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    • LUHG1878
    • By LUHG1878 24th Oct 17, 9:47 AM
    • 108Posts
    • 51Thanks
    Insulating solid brick walls
    • #1
    • 24th Oct 17, 9:47 AM
    Insulating solid brick walls 24th Oct 17 at 9:47 AM

    Our home is a 1920's bungalow, part of the house has solid walls, the other part has a cavity, which has been filled. Rooms with cavity filled walls are comfortable, but the rooms with solid walls can get extremely cold in winter.

    We plan to tackle the insulating of the 3 rooms with solid walls over the course of the next 12 months, one room at a time, starting with the front bedroom.

    This will involve stripping out lath & plaster, taking the wall back to the brick. There are two external walls that need stripped back and insulated, the dimensions are 4.8m x 3m and 4.5m x 3m, with the smaller wall having a bay window, the windows are 1.7m x 1.4m and two at 1m x 0.5m. It was also suggested that that the ceiling be lowered, to save having to tackle the lath & plaster ceiling.

    I was quoted 3,850 by a local joiner, he reckons it's a 7 day job for two joiners, which I fail to see how that's possible. He quoted 2500 for labour, 1200 for materials, 150 for a skip, and that did not include taping and filling plasterboard, which he said would be another 800~1200, so almost 5k!

    I indicated prior to quote I would probably do the strip out myself, he said if I did he would knock 500 off his quote. He proposed to start the job in 3-4 weeks, and didn't give any impression that he didn't want the work.

    I'm going to get another quote, but realistically, how much should I be looking at for this work?

    If I do the strip out, I was thinking that it should take;

    Day 1 - strap out new ceiling and walls (x2)
    Day 2 - fit insulation boards and plasterboard
    Day 3 - fit skirting and window facings
    Day 4 - shelf out alcove cupboard and snagging.

    Does that sound unreasonable?

    This initial quote has left me seriously considering tackling the work myself.

    If I were to tackle this myself, I feel relatively confident about strapping out the walls and fitting the plasterboard, the ceiling will be more of a challenge, but I think I should be ok, but I do worry about being able to fit the skirting and window facings to a good standard.

    If I were to invest in a good mitre saw, should I be able to get decent results?

    The loft is already insulated, so do I need to insulate the lowered ceiling, or just plasterboard?

    Should the insulation boards butt up to the brick, or should there be a gap between the brick and insulation?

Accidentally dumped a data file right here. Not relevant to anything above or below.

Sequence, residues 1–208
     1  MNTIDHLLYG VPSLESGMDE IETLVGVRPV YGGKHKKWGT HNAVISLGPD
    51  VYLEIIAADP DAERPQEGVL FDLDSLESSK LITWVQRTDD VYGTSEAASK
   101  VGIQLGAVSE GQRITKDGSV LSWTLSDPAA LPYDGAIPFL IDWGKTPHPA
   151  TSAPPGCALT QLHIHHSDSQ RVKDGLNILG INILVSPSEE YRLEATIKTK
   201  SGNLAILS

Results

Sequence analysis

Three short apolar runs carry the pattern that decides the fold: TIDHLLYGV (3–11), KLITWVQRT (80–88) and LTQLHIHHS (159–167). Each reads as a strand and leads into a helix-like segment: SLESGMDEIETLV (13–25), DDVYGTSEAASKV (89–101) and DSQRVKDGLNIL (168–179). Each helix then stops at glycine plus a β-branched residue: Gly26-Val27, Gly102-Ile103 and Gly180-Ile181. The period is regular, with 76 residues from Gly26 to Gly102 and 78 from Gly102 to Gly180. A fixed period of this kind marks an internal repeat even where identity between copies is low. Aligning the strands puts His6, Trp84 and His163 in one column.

Also, if after starting the job I found that it was way beyond my skill level, would getting a joiner in at that stage bump the price up even higher?

    Any advice would be much appreciated!

Page 1
    • ukjoel
    • By ukjoel 29th Oct 17, 11:20 AM
    • 1,410 Posts
    • 1,269 Thanks
    • #2
    • 29th Oct 17, 11:20 AM
    • #2
    • 29th Oct 17, 11:20 AM
    Would get some other quotes.
    Might be worth speaking to neighbours to see if they have done similar.

    Also do you need to strip down to brick or can you insulate over whats already there.

    The age of the property and not knowing whats underneath from potentially 100 years ago will mean they will be factoring a figure for this risk factor.

    Area of country will have an impact on price as well.

    Taking it back yourself will reduce the amount of work required, but also allow a joiner to see what he is working with and what he needs to do (ie quality of brickwork.

    How well is the loft insulated. You can pick up insulation for next to nothing it may be worth doubling up on that.

    What direction are the brick walls - it may be the climate or wind direction that is impacting this as much as the lack of insulation.
    • LUHG1878
    • By LUHG1878 29th Oct 17, 1:22 PM
    • 108 Posts
    • 51 Thanks
    • #3
    • 29th Oct 17, 1:22 PM
    • #3
    • 29th Oct 17, 1:22 PM
    Hi Joel, thanks for the response, much appreciated.

    I'm definitely going to strip the room myself before doing anything else. I don't want to just insulate over existing walls, i'd rather go back to brick to see what's there, at least if there are any underlying issues they can be addressed.

    The loft joists are pretty well insulated, they have two layers of glass/mineral wool, then the entire loft is floored with t&g chipboard.

    We're not in London, so was expecting a sensible quote, had expected the full job to come in around 2~2.5k.

    Although direction and climate will play a part, other rooms in the house have benefited from insulation, and so I think that's the solution here too.
    • road2manchester
    • By road2manchester 5th Jan 18, 12:21 AM
    • 66 Posts
    • 89 Thanks
    • #4
    • 5th Jan 18, 12:21 AM
    • #4
    • 5th Jan 18, 12:21 AM
    Are you aware that in some parts of the country there are grants for external wall insulation. Seems a better option than all of that extra work inside > depends on final coating finish and if it fits in as it needs rendering.
    If you go down the internal way, why stud the wall at all. Insulated plasterboard ( 2" polystyrene fixed to boards) or even External Wall Insulation panels would be faster and cut out joinery costs.

    Seems a lot of money for what should be a simple job.....
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